Thank you for reading. I appreciate your feedback. Please share your thoughts.

The ripple effect

The Ripples of Life

This week at the Carrot Ranch, Charli Mills challenged writers to In 99 words (no more, no less), write a story about life as a river of consciousness. Think about the possibilities of the prompt. Go where the prompt leads!

The 99-word responses to Charli’s prompt will be collected and gifted to Sue Vincent on 17 February. So, if you would like your writing to be included in that collection, please pop over to the Carrot Ranch for more information and to submit your response using the form.

The Sue Vincent Rodeo Classic flash fiction contest is now also live. You can find out more about it here. With a very attractive $100 first prize and one of Sue’s books for each of five runners up, it is worth entering.

When I read Charli’s prompt, I immediately thought of the ripple effect of our lives, the effects that occur while we are on this Earth and those that continue long after through our children and our children’s children, and through lives we have touched from near or far, like a river of consciousness that flows through humanity from beginning to end.

I cannot think of the ripple effect without thinking of a wonderful book written by learning futurist Tony Ryan. The Ripple Effect was first published over twenty years ago and is still just as relevant and available today. It is filled with stories that show the difference that even the simplest of actions can make each day. The contribution that Tony’s book has had on lives in those 20+ years must be immeasurable.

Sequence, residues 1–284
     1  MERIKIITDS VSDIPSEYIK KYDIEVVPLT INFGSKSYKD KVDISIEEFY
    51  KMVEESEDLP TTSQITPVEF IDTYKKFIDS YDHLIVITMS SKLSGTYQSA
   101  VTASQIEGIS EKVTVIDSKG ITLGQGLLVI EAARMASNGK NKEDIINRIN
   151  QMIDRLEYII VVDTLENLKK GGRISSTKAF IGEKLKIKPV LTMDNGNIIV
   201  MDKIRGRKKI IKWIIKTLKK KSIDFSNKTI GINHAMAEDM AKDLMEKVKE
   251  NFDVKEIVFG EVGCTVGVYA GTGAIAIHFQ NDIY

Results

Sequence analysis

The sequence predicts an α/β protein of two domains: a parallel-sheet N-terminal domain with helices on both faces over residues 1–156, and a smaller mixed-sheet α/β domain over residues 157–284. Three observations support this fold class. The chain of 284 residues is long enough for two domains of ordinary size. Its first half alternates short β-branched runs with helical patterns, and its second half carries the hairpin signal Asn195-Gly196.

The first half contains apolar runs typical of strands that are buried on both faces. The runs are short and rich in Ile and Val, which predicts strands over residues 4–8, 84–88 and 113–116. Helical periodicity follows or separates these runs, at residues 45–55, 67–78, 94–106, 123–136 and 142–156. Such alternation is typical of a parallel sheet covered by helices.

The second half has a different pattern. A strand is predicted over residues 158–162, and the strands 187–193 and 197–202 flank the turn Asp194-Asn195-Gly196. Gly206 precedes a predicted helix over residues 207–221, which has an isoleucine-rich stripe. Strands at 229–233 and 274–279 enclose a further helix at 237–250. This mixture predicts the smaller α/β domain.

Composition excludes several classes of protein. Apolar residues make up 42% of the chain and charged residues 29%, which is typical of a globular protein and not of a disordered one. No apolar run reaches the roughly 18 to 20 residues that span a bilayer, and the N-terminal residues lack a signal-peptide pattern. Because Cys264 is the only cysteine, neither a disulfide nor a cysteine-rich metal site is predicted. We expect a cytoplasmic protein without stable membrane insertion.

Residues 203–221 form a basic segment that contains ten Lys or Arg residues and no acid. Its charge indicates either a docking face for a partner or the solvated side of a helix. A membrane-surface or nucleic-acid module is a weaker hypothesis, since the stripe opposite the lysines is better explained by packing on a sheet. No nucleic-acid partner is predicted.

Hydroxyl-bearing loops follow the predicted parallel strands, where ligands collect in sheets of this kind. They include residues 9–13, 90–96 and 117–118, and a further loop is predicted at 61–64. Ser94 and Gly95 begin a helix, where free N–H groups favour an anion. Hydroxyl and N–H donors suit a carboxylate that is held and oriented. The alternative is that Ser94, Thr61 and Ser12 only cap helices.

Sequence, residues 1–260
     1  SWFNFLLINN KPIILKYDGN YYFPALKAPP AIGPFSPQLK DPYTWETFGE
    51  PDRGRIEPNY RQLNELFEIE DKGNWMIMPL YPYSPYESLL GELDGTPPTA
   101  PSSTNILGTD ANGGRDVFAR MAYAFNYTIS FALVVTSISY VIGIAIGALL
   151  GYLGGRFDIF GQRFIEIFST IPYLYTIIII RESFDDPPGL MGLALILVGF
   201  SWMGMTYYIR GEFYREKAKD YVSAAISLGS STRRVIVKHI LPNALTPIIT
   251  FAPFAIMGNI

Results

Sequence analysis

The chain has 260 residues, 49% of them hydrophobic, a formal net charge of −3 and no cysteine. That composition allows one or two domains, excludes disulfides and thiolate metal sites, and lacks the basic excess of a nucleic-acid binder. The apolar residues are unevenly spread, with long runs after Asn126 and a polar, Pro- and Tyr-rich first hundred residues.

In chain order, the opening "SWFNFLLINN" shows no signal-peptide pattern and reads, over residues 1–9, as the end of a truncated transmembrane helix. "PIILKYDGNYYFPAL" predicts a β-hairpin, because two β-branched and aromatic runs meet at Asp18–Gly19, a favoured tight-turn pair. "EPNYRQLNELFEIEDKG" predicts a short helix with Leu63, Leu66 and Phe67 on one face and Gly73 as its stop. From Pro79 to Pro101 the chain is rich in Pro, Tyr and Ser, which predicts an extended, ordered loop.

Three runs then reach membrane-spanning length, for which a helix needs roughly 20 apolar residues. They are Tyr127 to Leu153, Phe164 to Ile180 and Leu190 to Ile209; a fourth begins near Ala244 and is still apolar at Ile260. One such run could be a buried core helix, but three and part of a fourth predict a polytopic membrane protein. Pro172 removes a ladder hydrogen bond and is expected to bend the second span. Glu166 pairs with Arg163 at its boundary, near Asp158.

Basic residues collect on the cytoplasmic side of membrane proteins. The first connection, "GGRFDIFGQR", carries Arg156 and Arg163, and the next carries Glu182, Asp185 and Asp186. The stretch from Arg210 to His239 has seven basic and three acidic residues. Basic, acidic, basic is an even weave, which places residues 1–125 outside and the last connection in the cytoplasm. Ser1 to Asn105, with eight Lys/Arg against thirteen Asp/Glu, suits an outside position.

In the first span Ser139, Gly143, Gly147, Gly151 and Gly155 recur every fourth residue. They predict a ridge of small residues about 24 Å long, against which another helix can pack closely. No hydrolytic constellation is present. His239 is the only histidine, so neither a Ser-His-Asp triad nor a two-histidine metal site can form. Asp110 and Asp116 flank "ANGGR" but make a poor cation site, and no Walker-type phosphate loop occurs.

I have previously written about Tony and his book in Ripples Through Time, Add a Sprinkle of Glitter to Make Your Day Sparkle and @aussietony’s 20 gift suggestions for life-long learning. In 3 Inspiring Educators, I nominated Tony as one of those being a positive influence upon my work as an educator.

In response to Charli’s prompt, I had three main thoughts:

  1. The ripple effect as in the day to day ripples we create for ourselves and others with our thoughts, words and actions.